I love bookstores. I love the smell, the sound, the welcoming pace of bookstores.
Since I was a little kid, I’ve found joy and solace roaming among the stacks, pulling up a piece of floor or cushy chair, and exploring the magic of East Egg or The Land, deciding whether or not to make friends with Thomas Convenant or the Sandman and bring them home with me.
Back in the day, of course, every little town had a bookstore – or two. Independent and distinct, they offered classics and bestsellers, dictionaries and guides to local flora and fauna. They also reflected the personal tastes of their proprietors: some might be heavy on kids’ books, some on politics or contemporary fiction. And if you wanted that obscure new book your cousin Lily mentioned at Sunday dinner, out came Books in Print and an order would be graciously placed.
As a reader, this was heaven. As a writer, my appreciation has only grown.
The bookstore landscape has changed over the years. First, behemoths like Barnes & Noble and their late rival, Borders, moved in. They had space and inventory and remainder bins. You didn’t have to wait a week for that special order, a marketing edge in a culture that thrives on immediate gratification. Then came e-books and the leviathan of all leviathans, Amazon.
Loud and long, the literary pundits sounded the death knell of the independent bookstore. Fortunately, over the past couple of years communities of book lovers around the country are proving pundits wrong. There is a positive resurgence of independent bookstores. That, in itself, is cause for dancing in the street!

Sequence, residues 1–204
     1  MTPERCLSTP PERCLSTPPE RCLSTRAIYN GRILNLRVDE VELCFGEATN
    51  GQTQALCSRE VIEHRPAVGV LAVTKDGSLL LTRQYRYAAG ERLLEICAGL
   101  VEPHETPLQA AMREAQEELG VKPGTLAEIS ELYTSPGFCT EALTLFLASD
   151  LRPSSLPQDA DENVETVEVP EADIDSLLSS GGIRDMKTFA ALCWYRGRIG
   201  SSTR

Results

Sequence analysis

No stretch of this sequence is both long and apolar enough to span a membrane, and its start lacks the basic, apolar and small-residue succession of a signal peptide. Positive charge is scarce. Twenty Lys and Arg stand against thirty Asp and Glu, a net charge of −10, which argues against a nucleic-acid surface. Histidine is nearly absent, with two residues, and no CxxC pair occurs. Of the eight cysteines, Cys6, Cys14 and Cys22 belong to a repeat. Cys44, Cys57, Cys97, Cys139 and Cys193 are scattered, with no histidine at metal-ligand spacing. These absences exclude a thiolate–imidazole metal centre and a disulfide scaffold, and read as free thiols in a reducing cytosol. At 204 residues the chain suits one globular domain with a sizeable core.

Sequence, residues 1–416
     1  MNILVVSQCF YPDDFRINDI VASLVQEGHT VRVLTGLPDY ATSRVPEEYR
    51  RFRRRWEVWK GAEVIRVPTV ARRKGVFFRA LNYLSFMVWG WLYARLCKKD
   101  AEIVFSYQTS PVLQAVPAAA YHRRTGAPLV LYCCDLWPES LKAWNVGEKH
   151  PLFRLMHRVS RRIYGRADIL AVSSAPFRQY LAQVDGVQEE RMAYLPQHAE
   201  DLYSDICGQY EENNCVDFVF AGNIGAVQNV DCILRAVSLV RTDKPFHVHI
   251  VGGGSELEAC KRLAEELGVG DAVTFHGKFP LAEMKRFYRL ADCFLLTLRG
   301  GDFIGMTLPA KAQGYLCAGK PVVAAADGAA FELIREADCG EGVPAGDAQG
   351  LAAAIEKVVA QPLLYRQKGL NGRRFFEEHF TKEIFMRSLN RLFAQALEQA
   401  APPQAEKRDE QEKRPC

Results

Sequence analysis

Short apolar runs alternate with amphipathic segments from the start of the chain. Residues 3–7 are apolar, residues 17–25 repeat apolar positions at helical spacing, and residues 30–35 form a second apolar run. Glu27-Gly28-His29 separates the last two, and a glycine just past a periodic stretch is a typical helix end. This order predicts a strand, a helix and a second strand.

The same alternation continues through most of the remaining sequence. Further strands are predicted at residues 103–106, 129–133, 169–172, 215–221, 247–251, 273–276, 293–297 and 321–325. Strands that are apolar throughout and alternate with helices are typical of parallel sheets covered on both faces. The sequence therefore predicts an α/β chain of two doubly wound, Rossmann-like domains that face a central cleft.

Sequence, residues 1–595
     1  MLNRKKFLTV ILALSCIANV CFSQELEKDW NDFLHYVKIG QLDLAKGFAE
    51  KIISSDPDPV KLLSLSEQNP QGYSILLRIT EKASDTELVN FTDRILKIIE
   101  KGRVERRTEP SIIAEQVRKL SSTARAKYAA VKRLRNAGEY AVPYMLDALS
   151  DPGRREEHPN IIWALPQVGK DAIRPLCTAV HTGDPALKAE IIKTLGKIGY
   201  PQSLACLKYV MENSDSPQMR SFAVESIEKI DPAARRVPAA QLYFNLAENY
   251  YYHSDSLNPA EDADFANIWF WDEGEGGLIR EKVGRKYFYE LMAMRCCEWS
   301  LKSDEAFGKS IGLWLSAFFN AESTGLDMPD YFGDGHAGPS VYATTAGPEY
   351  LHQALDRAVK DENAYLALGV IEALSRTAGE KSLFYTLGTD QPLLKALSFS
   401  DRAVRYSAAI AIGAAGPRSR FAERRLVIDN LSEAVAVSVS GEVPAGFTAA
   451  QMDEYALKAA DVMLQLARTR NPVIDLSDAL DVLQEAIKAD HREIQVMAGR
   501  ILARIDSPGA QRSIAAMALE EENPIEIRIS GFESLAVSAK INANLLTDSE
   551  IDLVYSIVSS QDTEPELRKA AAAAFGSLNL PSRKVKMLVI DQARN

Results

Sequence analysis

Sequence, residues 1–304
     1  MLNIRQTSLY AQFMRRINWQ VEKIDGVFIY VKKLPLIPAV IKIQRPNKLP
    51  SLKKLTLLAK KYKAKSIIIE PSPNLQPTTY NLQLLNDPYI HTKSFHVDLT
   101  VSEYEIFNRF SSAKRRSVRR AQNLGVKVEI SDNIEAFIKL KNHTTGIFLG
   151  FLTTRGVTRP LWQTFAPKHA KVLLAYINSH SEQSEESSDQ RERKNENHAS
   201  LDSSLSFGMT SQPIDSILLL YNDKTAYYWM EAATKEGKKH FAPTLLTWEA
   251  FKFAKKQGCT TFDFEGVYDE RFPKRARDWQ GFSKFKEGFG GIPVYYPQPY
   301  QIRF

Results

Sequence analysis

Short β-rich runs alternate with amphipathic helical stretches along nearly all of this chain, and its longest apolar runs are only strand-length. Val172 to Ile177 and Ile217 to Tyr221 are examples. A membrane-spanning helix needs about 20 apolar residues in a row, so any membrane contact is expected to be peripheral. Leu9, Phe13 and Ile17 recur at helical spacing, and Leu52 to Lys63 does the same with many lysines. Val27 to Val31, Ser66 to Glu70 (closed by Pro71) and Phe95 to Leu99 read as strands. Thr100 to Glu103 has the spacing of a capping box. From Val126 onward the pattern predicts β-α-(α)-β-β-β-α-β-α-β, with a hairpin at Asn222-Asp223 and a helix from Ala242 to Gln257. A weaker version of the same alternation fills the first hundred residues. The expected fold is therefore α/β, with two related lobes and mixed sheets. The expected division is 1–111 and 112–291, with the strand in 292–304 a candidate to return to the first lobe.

This Saturday, May 2, 2015, is Independent Bookstore Day. Bookstores and their patrons around the country are celebrating.
Linda and Phil in front of the Bennington Bookshop
In my own backyard, the new owners of the Bennington Bookshop, Linda Foulsham and Phil Lewis, are presenting a full day of bibliocentric fun. There will be tales for the kids, evening wine and book chat for the grown-ups. My friend and fellow author, John Goodrich, will be talking about getting published, and I have the honor of giving a reading from my books and stories – about Dragons, of course.
If you are in the area, do stop by. If far away, check out your own local bookstore. Celebrate their uniqueness. Perhaps pick up a few literary friends and bring them home.
Schedule of Events on May 2:
10.30am: Story time for children with Chris Gingo
11.30am: Local author – Shawn MacKenzie
2.00pm: Local historian – Joe Hall
3.00pm: Local poet – Steve Haggerty
4.00pm: Local author – John Goodrich
5.00pm – 7.00pm: Cheese and wine and book conversations